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The Witches of Eastwick (1987) - Movie Review

The Witches of Wastwick movie

With so few decent films coming out of Hollywood these days I’m finding myself re-watching more and more old ones. It’s not a bad thing, but it does reinforce my opinion that we’re currently living in the worst era of films since modern cinema began.


Thankfully we have enough great movies from before things went t#ts up to keep us entertained (hopefully) until someone decides to start making good ones again.

With that in mind I recently had an urge to watch a film I hadn’t seen since I was a kid, and although it’s not quite a “horror” (even though IMDb categorises it as one), I thought watching it again would make for a good post on the lead up to Halloween.


The Witches of Eastwick (1987)


If you haven’t seen this movie, it’s a comedy/fantasy/horror starring Jack Nicholson (As Good As It Gets), Cher (Moonstruck), Susan Sarandon (Thelma & Louise), Michelle Pfeiffer (Batman Returns), Veronica Cartwright (Alien) and Richard Jenkins (The Shape of Water) among others.


It’s based on the 1984 book of the same name, written by John Updike.


This is what it’s about:


“In the small New England town of Eastwick where everyone knows everything about everyone else, three friends, each having lost the man in their lives, share their desire to find “the perfect man”. The next day a mysterious and charismatic stranger arrives in town and seduces each woman in turn. At first the friends embrace the new love in their lives and the power it gives them, but after a few sinister goings on they start to suspect Daryl Van Horne might not be the man of their dreams after all.”


It had been so long since I last saw this film (I’m guessing 30 years) that I really didn’t remember all that much about it. In fact, about the only memory I had of it was a scene where Veronica Cartwright pukes up cherry pips, but more about that shortly….



I’ve always loved Jack Nicholson, it’s hard to name a bad film he’s done. He’s a very rare breed of actor who’s not only extremely talented, but oozes charisma and had real integrity when it came to the kind of projects he would choose. It’s such a shame he decided to retire.

This movie is no exception when it comes to his performance, he’s absolutely brilliant! Like with a lot of other films, despite his character (essentially the devil) being the villain of the story, he’s actually extremely likeable, and that’s part of what makes the film so watchable.


Right from his hilarious introduction he steals every scene - and that’s saying something when you consider how good the other cast members are.

He’s on typical top form in this movie and his performance in a lot of ways is reminiscent of that of Jack Torrance in The Shining seven years earlier.



As good as Nicholson is though, this isn’t his film, it really belongs to the three female leads or “witches”. All of which are unsurprisingly flawless, with each playing much different versions of their characters in the second half of the movie than in the first.


As a geeky side note I can’t help thinking it’s pretty cool that Michelle Pfeiffer went on to play Catwoman in Batman Returns (1992) five years after starring in this, when her co-star (Nicholson) played The Joker in Batman (1989) just a few years earlier. I know it’s sad but I love stuff like that!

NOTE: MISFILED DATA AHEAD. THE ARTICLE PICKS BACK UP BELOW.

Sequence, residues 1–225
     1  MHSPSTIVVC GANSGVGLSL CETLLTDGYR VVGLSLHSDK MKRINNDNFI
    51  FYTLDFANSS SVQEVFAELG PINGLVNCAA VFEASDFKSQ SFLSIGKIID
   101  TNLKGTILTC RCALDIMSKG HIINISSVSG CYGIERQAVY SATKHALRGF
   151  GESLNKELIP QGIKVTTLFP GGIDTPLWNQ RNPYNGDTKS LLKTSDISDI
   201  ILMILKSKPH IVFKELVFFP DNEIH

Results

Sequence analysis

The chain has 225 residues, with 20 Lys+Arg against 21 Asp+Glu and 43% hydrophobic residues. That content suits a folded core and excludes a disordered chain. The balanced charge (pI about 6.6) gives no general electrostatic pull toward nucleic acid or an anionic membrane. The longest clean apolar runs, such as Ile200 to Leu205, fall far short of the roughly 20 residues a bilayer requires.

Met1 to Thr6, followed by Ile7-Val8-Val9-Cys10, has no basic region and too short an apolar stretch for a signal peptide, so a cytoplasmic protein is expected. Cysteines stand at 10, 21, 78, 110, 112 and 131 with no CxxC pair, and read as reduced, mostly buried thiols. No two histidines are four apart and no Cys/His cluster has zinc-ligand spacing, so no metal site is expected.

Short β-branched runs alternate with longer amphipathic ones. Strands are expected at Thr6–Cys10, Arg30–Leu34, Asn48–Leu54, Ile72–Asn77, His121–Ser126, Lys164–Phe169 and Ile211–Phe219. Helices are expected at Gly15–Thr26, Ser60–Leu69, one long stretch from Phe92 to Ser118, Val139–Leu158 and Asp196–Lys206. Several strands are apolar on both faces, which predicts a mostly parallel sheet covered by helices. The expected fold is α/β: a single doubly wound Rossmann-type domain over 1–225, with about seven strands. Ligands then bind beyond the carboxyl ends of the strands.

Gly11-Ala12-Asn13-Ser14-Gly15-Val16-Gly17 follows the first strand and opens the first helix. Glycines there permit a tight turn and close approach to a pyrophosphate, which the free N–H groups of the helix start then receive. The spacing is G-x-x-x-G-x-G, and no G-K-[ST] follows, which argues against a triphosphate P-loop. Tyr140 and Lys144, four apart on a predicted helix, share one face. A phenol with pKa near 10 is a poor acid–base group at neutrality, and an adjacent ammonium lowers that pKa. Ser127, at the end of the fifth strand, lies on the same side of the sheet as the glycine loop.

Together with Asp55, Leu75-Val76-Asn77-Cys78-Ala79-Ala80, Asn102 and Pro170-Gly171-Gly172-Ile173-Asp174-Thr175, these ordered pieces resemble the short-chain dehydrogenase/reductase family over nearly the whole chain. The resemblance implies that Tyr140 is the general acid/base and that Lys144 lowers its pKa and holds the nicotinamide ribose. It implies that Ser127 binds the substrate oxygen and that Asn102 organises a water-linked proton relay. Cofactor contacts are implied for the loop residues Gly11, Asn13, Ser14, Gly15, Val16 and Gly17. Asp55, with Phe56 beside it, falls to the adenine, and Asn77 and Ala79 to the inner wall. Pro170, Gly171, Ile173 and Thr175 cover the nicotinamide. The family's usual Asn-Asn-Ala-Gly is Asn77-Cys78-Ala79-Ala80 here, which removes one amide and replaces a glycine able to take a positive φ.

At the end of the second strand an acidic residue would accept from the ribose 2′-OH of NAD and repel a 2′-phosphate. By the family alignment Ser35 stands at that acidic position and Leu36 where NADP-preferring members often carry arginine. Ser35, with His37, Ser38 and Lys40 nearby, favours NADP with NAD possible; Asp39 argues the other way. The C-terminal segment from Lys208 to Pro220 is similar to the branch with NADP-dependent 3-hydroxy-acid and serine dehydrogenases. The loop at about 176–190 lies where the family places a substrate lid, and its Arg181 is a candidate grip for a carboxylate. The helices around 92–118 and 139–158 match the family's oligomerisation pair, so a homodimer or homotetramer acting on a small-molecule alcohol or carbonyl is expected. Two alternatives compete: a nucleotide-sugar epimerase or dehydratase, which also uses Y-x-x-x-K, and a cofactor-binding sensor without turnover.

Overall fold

Something that really struck me watching this film is how much of a female empowerment movie it is. People these days talk as if things like diversity (including strong female lead characters) are a new thing, but it’s simply not the case. Unfortunately though, when it’s done now it often feels forced and almost like a box ticking exercise, while back before the world went mad it was just what it was. This film is as girl power as you can get and they did it before it was even “cool”.



Another standout performance in this movie comes courtesy of Veronica Cartwright who’s just superb (not to mention hilarious) as Felicia, the devoutly religious wife of local newspaper editor Clyde Alden (Richard Jenkins). She senses something evil has come to town and slowly descends into madness (or so people think) being the only one to seemingly not fall under Daryl Van Horne’s (Nicholson’s) spell.


The scene with the cherry stones obviously made an impression on me as a kid because it’s been my lasting memory of this film all these years.

WARNING: If you suffer from emetophobia (an extreme fear of vomiting, seeing vomit, watching other people vomit, or even feeling sick) you may want to look away at a couple of key moments during the film.



With great characters, a compelling and well told story that ticks along at a decent pace, and yet another enchanting score by the great John Williams, this movie was a real treat to revisit. It has memorable scenes, some wickedly dark humour, and a typically “Jack Nicholson” performance by the one and only…well, Jack Nicholson.


If you somehow haven’t seen this 80s gem and enjoy a good old fashioned supernatural comedy that can be likened to movies like Beetlejuice, Death Becomes Her and Hocus Pocus (just with a more adult theme) I highly recommend giving it a go.


You can rent it from Amazon Prime for the rather unusual price of £3.09.


Seen it? Let me know your thoughts in the comments.

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